Classification of rates based on the order of the reaction
The rate law for a reaction must be determined by experiment. Usually the order of the reaction determined experimentally does not coincide with the stoichiometric coefficients of the reactants or products in the balanced chemical equation. Each reaction proceeds by a rate value determined by the rate constant and initial concentrations of the reacting species. Rate constant values differ for different `order' reactions even if concentrations are maintained the same. Therefore chemical reactions are classified according to its rate of chemical transformation which inturn depend on the order of the reaction. Let us consider a general rate equation such as
rate = k[A]p [B]q
Total order is p + q and order with respect to A is p and with respect to B in q respectively.
Zero order reaction
A reactant whose concentration does not affect the reaction rate is called as zero order reaction,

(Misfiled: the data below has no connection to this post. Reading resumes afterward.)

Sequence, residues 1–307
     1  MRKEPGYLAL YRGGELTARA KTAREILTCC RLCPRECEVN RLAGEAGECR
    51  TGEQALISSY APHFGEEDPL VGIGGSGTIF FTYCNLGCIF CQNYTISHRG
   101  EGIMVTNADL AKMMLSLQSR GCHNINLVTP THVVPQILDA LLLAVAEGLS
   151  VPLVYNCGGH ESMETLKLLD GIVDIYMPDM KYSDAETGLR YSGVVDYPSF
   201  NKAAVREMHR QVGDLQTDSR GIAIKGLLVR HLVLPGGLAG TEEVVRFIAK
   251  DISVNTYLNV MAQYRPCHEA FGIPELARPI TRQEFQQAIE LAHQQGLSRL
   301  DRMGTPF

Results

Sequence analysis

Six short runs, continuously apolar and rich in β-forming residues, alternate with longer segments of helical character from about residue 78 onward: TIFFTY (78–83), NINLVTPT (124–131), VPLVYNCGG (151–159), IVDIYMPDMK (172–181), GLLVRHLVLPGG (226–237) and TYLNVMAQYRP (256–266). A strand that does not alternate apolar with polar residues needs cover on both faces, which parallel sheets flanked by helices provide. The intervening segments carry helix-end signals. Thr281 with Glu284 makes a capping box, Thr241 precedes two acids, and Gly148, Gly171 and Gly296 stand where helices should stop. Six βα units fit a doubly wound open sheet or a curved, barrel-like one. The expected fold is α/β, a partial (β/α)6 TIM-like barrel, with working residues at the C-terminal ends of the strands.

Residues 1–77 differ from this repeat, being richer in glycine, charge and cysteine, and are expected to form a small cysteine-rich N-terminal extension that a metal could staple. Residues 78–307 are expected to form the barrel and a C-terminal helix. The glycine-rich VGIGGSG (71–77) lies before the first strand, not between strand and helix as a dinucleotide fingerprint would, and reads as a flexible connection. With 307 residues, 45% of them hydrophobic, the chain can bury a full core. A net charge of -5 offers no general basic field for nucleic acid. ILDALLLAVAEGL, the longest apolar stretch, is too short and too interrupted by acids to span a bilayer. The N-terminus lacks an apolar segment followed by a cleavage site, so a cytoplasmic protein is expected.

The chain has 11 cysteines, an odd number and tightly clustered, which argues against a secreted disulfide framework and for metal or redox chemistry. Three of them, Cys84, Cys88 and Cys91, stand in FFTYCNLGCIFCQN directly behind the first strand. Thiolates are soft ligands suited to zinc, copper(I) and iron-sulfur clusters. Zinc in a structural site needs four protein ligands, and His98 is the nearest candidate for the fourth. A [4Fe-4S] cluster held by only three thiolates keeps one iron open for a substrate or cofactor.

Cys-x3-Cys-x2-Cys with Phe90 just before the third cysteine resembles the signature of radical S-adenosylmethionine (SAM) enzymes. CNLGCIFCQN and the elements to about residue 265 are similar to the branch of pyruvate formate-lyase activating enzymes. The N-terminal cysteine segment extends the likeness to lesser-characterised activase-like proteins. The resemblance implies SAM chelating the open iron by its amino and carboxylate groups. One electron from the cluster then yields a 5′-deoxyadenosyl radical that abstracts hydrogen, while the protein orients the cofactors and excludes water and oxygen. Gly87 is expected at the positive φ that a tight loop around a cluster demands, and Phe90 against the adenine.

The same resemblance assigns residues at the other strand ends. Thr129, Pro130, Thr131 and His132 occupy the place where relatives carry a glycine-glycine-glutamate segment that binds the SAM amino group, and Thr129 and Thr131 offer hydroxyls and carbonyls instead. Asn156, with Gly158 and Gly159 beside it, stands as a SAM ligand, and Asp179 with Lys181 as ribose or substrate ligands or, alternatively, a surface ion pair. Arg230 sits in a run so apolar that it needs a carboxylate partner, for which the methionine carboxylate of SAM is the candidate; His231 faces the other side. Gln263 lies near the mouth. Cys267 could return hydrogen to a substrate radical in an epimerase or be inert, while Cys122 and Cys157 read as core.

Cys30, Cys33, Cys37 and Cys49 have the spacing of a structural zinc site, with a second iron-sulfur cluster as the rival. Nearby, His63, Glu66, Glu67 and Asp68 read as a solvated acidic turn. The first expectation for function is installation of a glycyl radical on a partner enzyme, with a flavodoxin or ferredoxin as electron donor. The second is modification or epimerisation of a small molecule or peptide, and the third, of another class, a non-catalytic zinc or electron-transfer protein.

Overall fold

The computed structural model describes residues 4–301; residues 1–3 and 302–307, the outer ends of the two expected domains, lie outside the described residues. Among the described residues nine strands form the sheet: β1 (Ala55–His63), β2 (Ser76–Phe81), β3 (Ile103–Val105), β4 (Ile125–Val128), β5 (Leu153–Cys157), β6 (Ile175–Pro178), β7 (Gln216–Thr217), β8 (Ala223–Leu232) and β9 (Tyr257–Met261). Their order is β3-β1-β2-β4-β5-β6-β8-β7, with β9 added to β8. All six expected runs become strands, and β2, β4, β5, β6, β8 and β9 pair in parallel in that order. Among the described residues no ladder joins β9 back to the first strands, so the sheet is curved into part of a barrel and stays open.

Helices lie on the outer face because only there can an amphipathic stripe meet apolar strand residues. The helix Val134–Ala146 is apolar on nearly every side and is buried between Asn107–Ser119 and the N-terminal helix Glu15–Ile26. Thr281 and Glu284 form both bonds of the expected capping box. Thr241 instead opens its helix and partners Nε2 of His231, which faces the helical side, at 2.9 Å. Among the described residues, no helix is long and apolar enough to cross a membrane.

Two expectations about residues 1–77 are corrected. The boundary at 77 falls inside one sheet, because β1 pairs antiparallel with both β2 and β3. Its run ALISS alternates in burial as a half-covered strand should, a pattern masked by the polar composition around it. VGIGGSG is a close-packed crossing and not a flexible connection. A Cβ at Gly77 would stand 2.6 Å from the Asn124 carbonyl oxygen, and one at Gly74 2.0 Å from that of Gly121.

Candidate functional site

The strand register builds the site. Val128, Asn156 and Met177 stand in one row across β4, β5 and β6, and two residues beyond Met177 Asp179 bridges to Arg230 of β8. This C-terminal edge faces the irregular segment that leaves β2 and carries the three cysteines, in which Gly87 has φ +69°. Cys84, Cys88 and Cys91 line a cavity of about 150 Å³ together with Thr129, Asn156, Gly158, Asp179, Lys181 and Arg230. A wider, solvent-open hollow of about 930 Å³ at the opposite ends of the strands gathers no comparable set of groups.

rate law is,
rate = k[A]0
-d[A]/dt = k or k =[A]0-[A]t / t
Examples of zero order reaction is
H 2 (g) + Cl2 (g) -hv- > < -- 2HCl(g)
The first order reaction
when aqueous solution of NH4NO2 is warmed it decomposes rapidly to H2O and N2.
NH4NO2 -- > 2H2O + N2
This reaction goes by first order manner rate constant k is given by
K = 2.303/t . log(Vinf/Vinf-Vt) sec-1
V¥ and Vt are volume of N2 collected at room temperature and 1 atm when a fixed amount of NH4NO2 decomposes at t = ¥ (after completion of reaction) and at any time `t'.
Second order reaction
A reaction is said to be second order if its reaction rate is determined by the variation of two concentration terms or square of a single concentration term.
Third order reactions
A reaction is said to be third order if its rate is determined by the variation of three concentration terms.
A second (or) third (or) any other high order reaction can be experimentally followed in an easy way by reducing the overall order to first order type by adopting pseudo order conditions. In this method, excluding the concentration of one of reactants, concentrations of all other reactant are kept in excess (at least 10 times) of the concentration of one of the reactant whose concentrations are to be varied to study the changes in the rate.